If instead mincome payments to children under a given age threshold is paid into a trust fund, they could have a large balance made available to them upon reaching age of majority. This gives them better potential to acquire capital early, or invest in their education, or make expensive but valuable purchases (in a country the size of Canada, with its tendency to have sprawling city designs, an automobile would be a suitable purchase, even if it doesn't qualify as an investment asset as such).


Objections to Mincome

The most common objections to a mincome are as follows:

The first objection is that it could still cost too much. A mincome that was set at the poverty line could be quite expensive. This Wikipedia article on the topic calculates that a mincome equivalent paid to all US residents, if set at a level designed to more or less eliminate poverty, would cost the entire US federal government budget, or near enough to make no difference.

By way of comparison, Canada has in the order of 35-36 million people. Canada doesn't have a set "poverty line" as such, so for the sake of argument let's assume a "poverty eliminating income" is, say, $12,000 annually. Taking the higher population number for simplicity, Canada would pay out $ 432 billion per year in mincome. Statistics Canada reports spending from all levels of government (federal and provincial/territorial) was about $ 560 billion in 2009. Even with increases over time, then, a high mincome would eat up an enormous portion of government budgeting.

To answer that objection, I would argue that a mincome doesn't have to be set at that high a level. This blogger, for instance, calculated that a basic income of around $ 6,000 would be entirely satisfactory. Further, because government revenue and spending outstrips population growth over time, the share of government spending dedicated to a mincome would decrease over time as well, making it less onerous.

The second objection is that it could create disincentives to work. Per this objection, with some minimum income, economic growth would suffer because of people dropping out of participating in the labour force.

To answer that objection, I would first point out the Manitoba experiment, which found minimal declines in labour force participation, particularly among primary wage-earners. Second, I would point out that unless the mincome was extremely high, if people want "Nice Things" they have to get additional income to acquire them, a handy incentive in an affluent society such as Canada to stay in the labour force. Third, at least in my view, it's not a bad thing if the labour supply decreases, because this creates an upward pressure on wages, particularly at the lower end of the wage spectrum (where labour force participation would be most likely to decline), and on productivity growth (because if you have to pay people more, you'll want to find ways to get more value out of them). Productivity growth is one of the drivers of economic growth and increased wealth, so adding an incentive to boost productivity is ultimately a winning situation.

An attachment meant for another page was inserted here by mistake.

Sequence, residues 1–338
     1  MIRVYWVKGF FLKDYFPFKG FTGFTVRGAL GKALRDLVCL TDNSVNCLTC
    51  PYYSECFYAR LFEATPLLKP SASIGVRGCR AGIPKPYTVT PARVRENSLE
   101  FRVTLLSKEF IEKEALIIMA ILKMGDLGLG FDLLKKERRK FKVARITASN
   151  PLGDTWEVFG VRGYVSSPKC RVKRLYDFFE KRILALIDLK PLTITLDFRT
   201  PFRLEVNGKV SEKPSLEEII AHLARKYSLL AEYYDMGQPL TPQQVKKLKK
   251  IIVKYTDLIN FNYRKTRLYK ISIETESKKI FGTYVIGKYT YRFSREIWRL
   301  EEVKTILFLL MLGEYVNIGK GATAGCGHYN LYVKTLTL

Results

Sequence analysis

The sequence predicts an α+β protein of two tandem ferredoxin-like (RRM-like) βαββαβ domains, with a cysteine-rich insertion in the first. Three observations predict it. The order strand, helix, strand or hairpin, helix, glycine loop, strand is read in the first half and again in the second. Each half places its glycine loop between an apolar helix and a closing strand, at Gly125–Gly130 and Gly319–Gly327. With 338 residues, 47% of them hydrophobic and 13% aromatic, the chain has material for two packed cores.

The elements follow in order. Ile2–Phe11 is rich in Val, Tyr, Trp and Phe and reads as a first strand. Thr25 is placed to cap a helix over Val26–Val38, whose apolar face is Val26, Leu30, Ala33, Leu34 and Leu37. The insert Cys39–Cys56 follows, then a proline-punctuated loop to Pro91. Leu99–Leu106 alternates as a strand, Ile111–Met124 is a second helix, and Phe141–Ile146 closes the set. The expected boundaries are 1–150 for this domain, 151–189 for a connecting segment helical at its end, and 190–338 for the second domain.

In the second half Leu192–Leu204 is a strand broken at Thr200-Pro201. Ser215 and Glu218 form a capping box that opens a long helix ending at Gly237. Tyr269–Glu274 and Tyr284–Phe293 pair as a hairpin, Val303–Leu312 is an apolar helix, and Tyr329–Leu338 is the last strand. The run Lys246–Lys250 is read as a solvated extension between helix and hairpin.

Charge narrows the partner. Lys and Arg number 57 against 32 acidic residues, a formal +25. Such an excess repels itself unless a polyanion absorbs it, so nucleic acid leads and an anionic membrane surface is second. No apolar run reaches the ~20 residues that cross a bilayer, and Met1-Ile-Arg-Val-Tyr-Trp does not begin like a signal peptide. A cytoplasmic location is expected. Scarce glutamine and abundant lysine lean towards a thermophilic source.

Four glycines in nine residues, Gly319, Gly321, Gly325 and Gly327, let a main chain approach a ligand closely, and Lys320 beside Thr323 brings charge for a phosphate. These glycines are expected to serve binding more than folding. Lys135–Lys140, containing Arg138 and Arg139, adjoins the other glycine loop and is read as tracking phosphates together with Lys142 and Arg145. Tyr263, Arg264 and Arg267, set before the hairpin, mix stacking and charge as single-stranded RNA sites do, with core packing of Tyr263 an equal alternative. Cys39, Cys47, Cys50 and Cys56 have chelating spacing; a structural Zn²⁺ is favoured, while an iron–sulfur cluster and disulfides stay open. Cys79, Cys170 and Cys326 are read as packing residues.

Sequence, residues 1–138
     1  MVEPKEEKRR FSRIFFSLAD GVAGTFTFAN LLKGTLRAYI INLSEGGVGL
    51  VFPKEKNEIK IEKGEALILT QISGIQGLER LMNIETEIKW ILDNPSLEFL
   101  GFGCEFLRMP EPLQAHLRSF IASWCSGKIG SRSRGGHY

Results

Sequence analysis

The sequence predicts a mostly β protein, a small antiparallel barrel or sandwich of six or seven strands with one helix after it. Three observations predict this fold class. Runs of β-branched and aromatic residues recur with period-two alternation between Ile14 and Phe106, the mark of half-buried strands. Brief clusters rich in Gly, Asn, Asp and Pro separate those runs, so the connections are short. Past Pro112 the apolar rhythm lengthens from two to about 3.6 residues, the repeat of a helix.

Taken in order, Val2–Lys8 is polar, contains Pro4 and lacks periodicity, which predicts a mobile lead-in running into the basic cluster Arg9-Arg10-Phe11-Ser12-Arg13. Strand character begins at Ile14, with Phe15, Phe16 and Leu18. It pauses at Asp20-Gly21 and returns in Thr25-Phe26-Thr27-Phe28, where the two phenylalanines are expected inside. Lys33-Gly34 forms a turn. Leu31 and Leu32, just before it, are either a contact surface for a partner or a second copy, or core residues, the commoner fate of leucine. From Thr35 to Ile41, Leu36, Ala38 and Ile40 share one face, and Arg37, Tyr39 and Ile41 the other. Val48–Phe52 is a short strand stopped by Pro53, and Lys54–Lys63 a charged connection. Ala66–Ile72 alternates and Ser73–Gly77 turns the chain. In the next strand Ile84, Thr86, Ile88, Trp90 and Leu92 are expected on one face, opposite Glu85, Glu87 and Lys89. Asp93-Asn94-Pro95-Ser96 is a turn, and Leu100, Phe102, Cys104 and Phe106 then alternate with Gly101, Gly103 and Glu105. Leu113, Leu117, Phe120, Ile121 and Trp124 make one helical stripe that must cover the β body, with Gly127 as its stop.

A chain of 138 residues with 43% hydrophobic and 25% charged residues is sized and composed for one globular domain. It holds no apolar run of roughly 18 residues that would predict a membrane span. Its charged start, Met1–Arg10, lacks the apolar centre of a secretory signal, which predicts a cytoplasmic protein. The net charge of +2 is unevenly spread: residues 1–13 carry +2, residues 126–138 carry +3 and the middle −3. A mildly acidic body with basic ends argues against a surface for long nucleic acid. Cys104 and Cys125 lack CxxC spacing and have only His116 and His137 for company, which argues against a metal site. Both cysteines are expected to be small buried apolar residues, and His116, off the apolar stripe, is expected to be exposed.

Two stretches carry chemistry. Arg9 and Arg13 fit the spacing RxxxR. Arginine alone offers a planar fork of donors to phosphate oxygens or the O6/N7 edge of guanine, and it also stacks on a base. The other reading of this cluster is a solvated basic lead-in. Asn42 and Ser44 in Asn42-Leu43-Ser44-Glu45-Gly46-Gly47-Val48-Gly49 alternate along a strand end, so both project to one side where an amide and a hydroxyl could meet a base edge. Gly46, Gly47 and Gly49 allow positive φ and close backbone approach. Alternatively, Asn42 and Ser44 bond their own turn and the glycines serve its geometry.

The third objection is to ask why should we have a mincome in the first place? This is part and parcel with objections against social spending generally. Whether as a matter of general applicability (i.e. arguing that governments should spend less, or even nothing, on social services across the board), or in specific cases (governments shouldn't "coddle the poor" or what have you), this objection is against the idea of a mincome, period. You've probably seen people complain about their tax dollars subsidizing "lazy" welfare recipients, or the like.

To answer that objection, I would first point out that simply by existing in this country, residents create a "bundle of demand" for goods and services - in short, they provide an opportunity for someone to make money providing those goods and services. Given that, a mincome helps keep economies afloat because people can afford necessary goods and services. Second, I would go on to say "so what if some people become lazy?" The economy will grow whether you spend your days playing video games in between shifts at the local cinema or fast-food joint, or whether you spend your days in between shifts attending classes at law school. The difference is who is ultimately benefiting from the growth. And presuming you're an "industrious hard-working citizen [1]", you're going to benefit more in the long run, so what do you have to complain about?

A related line of argument objecting to social spending is that it decreases the incentive to "contribute meaningfully to society" through work. Apart from the questionable assumption that most low-wage work "contributes meaningfully to society" ("Canada is a better place because you flip burgers here at Burger Joint, Joey"), I should point out that market-based societies (which we traditionally call "capitalist") don't really depend on people making career or life decisions on the basis of what's best for society - instead, we we expect them to make decisions based on what's best for themselves [2]. We then use both market and regulatory mechanisms to ensure that the net output of all these decisions and actions ends up benefiting society in the end.